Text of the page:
Autonomous Navy vessel sails from San Diego to Hawaii and back
In a high-profile trial run in January, Sea Hunter, an unmanned surface vessel operated by the Office of Naval Research, navigated from San Diego to Pearl Harbor and back without a single crewmember on board.
Personnel from an escort vessel boarded Sea Hunter for short durations during the voyage to check electrical and propulsion systems, according to Leidos, the technology company that designed and built the ship. At 132 feet long, Sea Hunter is currently the world’s largest uncrewed vessel.
“The Sea Hunter program is leading the world in unmanned, fully autonomous naval ship design and production,” said Gerry Fasano, Leidos Defense Group president. “The recent long-range mission is the first of its kind and demonstrates to the U.S. Navy that autonomy technology is ready to move from the developmental and experimental stages to advanced mission testing.”
The Office of Naval Research, which conducted the test voyage, did not respond to requests for an interview. In the past, the ONR has declined to comment on the Sea Hunter program due to operational security concerns.
Launched in 2016, Sea Hunter is a trimaran capable of 27 knots. It completed its initial trials with the Defense Advanced Research Projects Agency (DARPA) to prove that the vessel could handle communications relays and intelligence, surveillance and reconnaissance sensor packages.
In 2017, three tests conducted with operationally realistic scenarios used the sensor suites to demonstrate compliance with International Regulations for Preventing Collisions at Sea (COLREGS). The sensors, navigation tools and automated lookouts allow Sea Hunter to safely sail near other ships regardless of weather or traffic conditions, day or night, according to DARPA. In 2018, the ONR took over the project to conduct security-sensitive research.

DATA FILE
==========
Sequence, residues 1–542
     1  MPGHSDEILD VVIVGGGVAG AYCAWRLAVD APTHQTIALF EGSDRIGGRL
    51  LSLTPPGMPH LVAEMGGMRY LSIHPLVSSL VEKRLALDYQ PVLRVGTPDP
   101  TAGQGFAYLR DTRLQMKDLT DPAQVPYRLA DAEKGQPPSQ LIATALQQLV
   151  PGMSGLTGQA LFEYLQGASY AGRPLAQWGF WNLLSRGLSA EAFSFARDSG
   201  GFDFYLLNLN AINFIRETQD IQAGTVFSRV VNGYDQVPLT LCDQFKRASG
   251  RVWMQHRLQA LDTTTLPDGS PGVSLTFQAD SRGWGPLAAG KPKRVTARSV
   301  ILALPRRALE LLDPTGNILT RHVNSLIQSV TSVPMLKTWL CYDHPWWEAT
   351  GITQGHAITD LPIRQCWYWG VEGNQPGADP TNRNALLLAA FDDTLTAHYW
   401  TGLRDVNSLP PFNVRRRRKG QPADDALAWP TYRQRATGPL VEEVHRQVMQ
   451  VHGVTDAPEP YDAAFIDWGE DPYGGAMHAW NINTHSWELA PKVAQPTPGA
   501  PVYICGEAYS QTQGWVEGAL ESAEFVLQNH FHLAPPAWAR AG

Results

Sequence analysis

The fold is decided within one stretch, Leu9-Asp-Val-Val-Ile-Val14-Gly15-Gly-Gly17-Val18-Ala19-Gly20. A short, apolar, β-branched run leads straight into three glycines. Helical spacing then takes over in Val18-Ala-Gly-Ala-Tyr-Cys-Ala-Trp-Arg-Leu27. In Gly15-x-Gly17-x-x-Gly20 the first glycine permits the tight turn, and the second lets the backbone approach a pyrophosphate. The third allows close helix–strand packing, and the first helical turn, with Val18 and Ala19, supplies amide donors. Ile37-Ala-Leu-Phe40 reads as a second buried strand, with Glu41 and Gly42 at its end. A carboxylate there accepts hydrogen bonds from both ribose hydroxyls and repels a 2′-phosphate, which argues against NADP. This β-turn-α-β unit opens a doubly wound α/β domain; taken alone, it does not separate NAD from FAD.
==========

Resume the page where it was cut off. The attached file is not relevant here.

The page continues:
Sea Hunter was built by Vigor Industrial in Portland, Ore. The trimaran’s displacement fully loaded is 145 long tons, which includes 40 tons of fuel that can power the twin diesel engines for more than 10,000 nautical miles. Sea Hunter was designed to be fully operational through sea state 5 and “survivable” through sea state 7 with waves up to 30 feet high, according to DARPA. During testing, a removable control station was installed to allow manned operation if necessary. The vessel can patrol without human guidance using optical sensors and radar to avoid other watercraft or obstacles in the water.
The Navy hopes to uses autonomous vessels for “dull, dangerous and dirty missions,” Leidos officials said, including mine sweeping and hydrographic surveys.
Initially, Sea Hunter was designed to use a high-frequency fixed sonar array to locate, track and engage submarines. Additional testing included mine countermeasures.
Estimates for operating Sea Hunter range from $15,000 to $20,000 a day compared with $700,000 a day to operate a destroyer. Navy officials have said if weapons were added, a human would always make the decision to use lethal force.
Leidos, based in Reston, Va., is developing Sea Hunter II under terms of a $43.5 million contract awarded by the ONR in 2017. Sea Hunter was developed for $20 million under a DARPA contract.